From start to finish, it takes about 16 minutes to drive all of Nova Scotia's Highway 111 during daylight weekday traffic.

That's if you're going the speed limit, which ranges between 50 and 80 km/h along the entire stretch.

Halifax Regional Police says it has clocked drivers going much faster.

"We have noted those speeds, we have caught individuals and we are paying attention," said Halifax Regional Police spokesman Const. John MacLeod.

In the last week alone, four men and one woman have been ticketed for going 50 kilometres over the posted speed limit -- better known as stunting.

Their ages range between 19 and 46 and most were clocked more than 50 kilometres over the posted limit of 80.

Several of the speeding reports came in from other drivers on the road.

"The public has made us aware of concerns they have about speed in that area," MacLeod said."That's been the case we've seen on Highway 111."

Ahsan Habib is a transportation professor at Dalhousie University.

"This is quite a recurring trend in the last 10 or 15 years in Halifax when we look at the data," Habib said.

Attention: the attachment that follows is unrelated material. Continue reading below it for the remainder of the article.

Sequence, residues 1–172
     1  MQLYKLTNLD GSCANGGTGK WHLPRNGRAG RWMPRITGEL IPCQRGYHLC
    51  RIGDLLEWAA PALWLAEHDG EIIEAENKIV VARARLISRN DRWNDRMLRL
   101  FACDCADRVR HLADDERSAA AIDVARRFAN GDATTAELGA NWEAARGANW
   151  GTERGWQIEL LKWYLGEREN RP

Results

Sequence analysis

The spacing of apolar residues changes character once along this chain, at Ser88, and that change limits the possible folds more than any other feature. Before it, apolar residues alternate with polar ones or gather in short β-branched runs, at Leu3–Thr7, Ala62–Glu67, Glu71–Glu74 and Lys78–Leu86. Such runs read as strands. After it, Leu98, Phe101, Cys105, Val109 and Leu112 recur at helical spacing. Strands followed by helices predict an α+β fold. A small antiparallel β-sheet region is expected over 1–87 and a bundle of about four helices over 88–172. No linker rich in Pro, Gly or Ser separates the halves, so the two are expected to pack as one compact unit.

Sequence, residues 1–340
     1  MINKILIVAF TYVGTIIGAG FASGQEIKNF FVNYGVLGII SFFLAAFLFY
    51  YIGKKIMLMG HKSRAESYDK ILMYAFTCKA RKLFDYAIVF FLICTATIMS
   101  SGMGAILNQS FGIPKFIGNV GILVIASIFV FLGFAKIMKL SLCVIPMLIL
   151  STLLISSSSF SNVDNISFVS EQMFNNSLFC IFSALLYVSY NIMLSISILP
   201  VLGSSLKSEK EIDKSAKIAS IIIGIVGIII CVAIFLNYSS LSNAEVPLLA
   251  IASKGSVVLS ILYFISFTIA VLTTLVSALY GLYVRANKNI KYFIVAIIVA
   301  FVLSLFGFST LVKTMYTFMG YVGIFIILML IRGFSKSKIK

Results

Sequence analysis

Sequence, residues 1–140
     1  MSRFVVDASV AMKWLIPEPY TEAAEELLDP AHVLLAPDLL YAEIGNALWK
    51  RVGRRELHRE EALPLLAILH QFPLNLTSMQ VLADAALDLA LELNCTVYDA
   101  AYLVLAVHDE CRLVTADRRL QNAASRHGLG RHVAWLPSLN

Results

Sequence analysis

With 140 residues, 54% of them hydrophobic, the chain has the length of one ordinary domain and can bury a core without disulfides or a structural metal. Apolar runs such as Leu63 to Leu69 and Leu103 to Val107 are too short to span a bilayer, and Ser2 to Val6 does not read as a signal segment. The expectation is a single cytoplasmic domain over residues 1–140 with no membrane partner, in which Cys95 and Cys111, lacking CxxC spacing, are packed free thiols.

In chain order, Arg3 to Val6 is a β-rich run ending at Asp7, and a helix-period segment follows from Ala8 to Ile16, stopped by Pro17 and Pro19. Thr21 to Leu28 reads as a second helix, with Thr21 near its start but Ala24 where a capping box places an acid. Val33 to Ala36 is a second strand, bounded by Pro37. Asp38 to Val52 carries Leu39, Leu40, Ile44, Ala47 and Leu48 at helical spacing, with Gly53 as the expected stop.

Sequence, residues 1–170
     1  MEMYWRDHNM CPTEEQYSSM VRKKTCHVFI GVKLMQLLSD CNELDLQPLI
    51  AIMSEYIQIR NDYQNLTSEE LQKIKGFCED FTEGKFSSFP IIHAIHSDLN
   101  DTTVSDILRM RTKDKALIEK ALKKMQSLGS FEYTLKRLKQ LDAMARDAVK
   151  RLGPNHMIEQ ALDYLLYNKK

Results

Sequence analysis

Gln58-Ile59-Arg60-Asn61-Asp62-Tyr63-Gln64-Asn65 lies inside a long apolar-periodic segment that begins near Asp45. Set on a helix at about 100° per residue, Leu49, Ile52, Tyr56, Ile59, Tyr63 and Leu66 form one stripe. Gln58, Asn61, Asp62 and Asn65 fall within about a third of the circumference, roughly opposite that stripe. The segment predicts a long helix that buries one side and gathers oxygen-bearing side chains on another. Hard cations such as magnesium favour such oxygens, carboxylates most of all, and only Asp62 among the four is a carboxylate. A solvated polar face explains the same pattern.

When it comes Highway 111, Habib says the design of road may be one factor because it does allow drivers the opportunity to speed up in some sections.

"The second factor happens when there are multiple types of transitions of speed limit from 50 to 70 to 80 and then again 100," Habib said."This is one common problem in Nova Scotia cities.We have lots of transitions of different kinds of road because of our historical nature of evolution of the road systems."

Habib says it's a good reminder to keep an eye of posted speed limits wherever you're driving in the region, because arguing about road design probably won't get you out of a ticket.

"It's over $2,400, a substantial fine," MacLeod said. "We suspend your license for a week, and we impound your vehicle."

Not to mention, there's an addition of six points to your driving record.